In a great blog post, the US Financial Advisor and blogger Michael Kitces analysed how the 4% safe withdrawal rate had held up since the tech bubble of 2000 and the financial crisis of 2008. You can see the full blog post here.

The findings are rather startling and should serve as a useful guide to the effect that returns in the early years of retirement can have on the longevity of a retirement portfolio. In a further post, Kitces notes the correlations between the safe withdrawal rate and various timescales. The key to this is that the first decade of retirement seems to have the most significant effect on whether the conventional 4% safe withdrawal rate is appropriate.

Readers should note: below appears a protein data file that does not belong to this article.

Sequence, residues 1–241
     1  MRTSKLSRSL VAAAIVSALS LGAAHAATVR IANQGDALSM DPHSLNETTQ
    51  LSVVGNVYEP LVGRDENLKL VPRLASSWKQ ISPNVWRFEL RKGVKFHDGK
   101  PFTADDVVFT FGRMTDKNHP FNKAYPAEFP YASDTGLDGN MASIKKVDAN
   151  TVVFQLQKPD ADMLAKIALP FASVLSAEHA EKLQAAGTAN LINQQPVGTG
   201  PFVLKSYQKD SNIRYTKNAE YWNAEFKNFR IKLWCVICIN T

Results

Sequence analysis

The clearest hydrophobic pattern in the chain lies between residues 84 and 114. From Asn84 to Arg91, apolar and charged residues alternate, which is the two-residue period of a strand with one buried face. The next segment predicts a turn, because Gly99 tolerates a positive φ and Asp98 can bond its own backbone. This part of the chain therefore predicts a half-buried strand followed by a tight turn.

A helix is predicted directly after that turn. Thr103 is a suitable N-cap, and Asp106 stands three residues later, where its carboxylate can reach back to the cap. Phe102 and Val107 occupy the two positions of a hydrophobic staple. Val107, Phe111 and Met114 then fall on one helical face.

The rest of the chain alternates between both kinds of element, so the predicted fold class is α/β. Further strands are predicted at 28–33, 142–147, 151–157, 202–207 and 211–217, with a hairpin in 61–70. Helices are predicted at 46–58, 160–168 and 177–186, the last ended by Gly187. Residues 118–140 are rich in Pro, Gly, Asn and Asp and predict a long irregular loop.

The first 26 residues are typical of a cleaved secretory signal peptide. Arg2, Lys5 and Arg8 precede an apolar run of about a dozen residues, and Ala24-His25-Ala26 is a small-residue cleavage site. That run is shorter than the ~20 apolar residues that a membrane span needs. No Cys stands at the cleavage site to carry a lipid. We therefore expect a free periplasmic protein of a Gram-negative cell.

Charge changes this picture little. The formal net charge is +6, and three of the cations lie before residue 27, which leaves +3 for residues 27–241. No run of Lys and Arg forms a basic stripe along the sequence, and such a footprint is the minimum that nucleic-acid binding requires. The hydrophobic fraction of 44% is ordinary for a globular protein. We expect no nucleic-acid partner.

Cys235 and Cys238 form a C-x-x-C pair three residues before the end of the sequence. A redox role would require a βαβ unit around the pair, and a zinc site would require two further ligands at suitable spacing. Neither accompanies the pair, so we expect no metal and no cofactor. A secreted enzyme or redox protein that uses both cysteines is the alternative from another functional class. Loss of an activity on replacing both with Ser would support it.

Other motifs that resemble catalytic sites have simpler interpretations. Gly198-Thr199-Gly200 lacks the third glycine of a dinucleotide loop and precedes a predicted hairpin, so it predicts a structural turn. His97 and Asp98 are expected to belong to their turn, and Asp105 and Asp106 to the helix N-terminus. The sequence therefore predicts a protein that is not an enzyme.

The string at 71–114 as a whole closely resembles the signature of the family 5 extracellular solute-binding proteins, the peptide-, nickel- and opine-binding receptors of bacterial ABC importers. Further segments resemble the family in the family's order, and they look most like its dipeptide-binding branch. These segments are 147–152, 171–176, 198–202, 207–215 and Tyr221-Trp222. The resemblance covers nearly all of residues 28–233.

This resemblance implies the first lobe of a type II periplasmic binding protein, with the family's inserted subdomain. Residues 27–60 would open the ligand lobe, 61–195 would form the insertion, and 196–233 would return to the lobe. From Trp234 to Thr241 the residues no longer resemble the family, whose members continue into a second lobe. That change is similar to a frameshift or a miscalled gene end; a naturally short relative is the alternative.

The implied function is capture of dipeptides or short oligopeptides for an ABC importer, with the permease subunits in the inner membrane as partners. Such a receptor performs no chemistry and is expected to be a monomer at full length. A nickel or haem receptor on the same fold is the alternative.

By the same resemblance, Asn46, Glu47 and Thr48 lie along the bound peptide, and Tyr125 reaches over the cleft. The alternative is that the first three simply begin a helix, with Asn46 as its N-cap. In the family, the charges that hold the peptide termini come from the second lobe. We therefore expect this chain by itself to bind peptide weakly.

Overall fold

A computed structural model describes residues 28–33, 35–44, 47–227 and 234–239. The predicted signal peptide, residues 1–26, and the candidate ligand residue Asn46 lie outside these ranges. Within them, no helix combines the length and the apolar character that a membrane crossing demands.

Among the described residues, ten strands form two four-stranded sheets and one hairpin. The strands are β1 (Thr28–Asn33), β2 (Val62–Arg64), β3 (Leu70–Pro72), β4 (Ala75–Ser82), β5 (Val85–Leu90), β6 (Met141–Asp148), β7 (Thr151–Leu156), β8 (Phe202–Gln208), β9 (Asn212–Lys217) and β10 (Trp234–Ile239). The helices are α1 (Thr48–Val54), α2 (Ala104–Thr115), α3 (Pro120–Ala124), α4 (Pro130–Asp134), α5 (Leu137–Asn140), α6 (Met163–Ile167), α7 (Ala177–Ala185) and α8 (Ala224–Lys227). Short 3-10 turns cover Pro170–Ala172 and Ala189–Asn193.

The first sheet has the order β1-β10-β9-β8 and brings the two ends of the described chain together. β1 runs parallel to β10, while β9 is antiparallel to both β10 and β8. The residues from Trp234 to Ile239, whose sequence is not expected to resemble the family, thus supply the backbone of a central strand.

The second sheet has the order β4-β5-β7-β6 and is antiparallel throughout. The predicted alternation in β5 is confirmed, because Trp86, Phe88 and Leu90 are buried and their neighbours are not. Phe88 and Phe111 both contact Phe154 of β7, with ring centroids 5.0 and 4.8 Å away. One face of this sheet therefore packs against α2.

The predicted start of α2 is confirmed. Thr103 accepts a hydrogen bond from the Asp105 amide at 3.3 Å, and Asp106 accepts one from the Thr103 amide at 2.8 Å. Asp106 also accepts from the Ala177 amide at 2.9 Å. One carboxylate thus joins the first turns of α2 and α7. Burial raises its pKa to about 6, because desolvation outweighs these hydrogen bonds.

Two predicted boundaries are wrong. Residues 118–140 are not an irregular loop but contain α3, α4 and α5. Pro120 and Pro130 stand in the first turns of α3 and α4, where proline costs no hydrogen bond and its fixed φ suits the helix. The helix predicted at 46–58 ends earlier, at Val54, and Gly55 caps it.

When we think logically about this, it makes sense. A bad market in the first or second year of a retirement portfolio may not be too damaging as the portfolio is still relatively large for when the market begins to rise again and can therefore benefit from the subsequent rise in asset prices. Similarly, a bad market when the portfolio has been paying out income for a long time (20 years let’s say) is potentially less damaging because the portfolio has paid out a significant sum of money already and the income time horizon required is reducing. The real driver of sequencing risk is the real (i.e. inflation-adjusted) returns achieved over the first decade of retirement.